By Kelly Carr
My friends’ dads who were sponsors for my high school youth group were terrific. John would do a silly dance to the song “Footloose.” To this day I still picture his funny moves when I hear that tune. Steve took time away from his young kids to lead our youth choir and took us on a weeklong spring break trip—he encouraged me to use my writing and dramatic side for the Lord. Gary had a godly depth, and his example was transformative.
Talking to my friends, they have similar stories to tell of my own dad. Before, during, and after I was in the age demographic, my dad spent years serving the kids of our church. He was goofy and fun to engage them (once he got a hilarious hair perm as the reward for the kids raising donations for Mountain Mission School). But he also built godly relationships, teaching them respect and biblical truth.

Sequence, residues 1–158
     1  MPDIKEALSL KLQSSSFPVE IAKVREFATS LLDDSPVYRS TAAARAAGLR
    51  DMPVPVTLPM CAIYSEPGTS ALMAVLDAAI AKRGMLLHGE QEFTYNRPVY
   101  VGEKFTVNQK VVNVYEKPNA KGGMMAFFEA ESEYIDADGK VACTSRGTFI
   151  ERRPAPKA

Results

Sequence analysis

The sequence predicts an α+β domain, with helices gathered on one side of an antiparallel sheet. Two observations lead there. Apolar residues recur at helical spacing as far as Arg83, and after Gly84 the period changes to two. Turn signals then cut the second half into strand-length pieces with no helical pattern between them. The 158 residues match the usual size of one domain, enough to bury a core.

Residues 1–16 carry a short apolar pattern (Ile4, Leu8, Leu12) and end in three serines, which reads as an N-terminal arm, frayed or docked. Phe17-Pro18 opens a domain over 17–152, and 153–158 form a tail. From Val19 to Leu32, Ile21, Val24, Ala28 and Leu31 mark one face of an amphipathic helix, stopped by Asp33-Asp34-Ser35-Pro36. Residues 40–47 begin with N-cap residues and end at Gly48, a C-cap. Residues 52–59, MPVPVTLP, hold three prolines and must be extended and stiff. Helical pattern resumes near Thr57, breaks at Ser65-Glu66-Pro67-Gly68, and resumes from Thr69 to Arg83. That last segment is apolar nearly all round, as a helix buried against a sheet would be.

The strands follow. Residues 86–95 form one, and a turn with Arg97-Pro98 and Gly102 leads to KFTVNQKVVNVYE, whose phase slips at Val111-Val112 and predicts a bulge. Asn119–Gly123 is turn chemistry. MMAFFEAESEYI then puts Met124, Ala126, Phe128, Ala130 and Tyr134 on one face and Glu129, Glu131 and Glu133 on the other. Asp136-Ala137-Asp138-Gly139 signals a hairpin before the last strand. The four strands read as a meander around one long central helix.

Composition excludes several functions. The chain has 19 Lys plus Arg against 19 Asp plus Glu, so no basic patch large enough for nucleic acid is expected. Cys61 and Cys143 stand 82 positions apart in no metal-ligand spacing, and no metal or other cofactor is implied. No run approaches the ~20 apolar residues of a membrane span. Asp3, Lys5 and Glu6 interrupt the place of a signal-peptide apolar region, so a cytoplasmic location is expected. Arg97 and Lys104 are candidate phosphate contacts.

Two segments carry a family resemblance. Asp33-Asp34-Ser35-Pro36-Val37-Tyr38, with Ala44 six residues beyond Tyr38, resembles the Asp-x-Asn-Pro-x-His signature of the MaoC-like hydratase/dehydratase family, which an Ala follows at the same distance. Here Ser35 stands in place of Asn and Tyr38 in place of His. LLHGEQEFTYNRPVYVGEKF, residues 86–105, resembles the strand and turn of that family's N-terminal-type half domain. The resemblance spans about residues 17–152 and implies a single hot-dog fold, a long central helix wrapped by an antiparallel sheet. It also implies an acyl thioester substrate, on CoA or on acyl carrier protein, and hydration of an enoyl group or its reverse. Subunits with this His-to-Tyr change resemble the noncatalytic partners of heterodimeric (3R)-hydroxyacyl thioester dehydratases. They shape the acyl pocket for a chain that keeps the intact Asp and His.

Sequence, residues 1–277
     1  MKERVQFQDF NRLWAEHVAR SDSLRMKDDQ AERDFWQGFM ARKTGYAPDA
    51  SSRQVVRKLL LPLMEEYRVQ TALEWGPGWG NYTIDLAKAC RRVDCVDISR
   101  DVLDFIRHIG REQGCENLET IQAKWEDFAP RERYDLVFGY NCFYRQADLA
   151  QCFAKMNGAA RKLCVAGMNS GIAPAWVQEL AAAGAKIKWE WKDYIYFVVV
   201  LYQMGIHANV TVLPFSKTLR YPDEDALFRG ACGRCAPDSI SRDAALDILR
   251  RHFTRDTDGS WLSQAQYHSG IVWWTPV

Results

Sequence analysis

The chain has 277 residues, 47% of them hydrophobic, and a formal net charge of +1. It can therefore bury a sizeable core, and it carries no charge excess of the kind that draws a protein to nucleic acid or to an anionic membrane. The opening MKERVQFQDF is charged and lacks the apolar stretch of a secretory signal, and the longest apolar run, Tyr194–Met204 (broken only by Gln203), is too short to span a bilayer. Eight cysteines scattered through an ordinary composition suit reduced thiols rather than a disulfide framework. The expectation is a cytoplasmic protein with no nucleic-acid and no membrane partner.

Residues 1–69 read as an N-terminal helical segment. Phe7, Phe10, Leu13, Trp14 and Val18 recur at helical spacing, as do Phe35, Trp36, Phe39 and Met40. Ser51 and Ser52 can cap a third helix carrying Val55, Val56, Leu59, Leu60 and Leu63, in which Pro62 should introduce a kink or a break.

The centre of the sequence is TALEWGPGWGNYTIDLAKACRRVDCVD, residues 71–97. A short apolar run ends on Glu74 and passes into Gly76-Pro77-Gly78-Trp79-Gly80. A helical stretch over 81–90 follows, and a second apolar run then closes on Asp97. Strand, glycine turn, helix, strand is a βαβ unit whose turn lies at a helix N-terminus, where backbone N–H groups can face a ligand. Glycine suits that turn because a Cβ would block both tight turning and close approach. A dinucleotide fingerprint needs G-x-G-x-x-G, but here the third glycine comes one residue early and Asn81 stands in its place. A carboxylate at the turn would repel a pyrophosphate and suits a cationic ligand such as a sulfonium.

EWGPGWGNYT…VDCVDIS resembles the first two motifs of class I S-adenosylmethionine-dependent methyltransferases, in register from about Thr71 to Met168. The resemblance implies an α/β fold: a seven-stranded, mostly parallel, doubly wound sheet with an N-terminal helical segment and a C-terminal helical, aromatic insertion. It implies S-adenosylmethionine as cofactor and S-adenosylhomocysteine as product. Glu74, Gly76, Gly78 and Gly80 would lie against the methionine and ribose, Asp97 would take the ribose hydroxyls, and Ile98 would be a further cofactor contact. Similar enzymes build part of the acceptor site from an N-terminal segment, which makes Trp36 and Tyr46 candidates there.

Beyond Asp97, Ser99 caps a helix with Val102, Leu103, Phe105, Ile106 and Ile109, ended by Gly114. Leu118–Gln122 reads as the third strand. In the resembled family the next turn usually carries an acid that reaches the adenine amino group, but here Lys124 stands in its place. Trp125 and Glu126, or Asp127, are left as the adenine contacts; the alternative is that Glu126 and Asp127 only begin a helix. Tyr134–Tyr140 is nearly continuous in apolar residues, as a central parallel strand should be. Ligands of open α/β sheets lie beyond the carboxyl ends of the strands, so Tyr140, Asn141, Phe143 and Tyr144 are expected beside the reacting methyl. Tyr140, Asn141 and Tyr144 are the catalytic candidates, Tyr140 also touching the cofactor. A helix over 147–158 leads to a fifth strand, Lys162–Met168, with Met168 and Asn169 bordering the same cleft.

Take notice of the dads making a difference around you. This Father’s Day week, thank a dad who isn’t in your family. The foster or adoptive dad at church—thank him for going out of his way to become a father to children who need it. The dad you see playing with his kids at the park—go up to him and thank him for being a role model for other men. Write a note to the dads of the kids you teach in Sunday school—tell them how great you think their kids are and what a terrific job they must be doing as fathers. Send an email to one of your friends’ dads—tell him that without his fatherly leadership, guidance, and wisdom you would not have such an amazing friend in your life.
Dads make a difference. Let’s encourage them this week.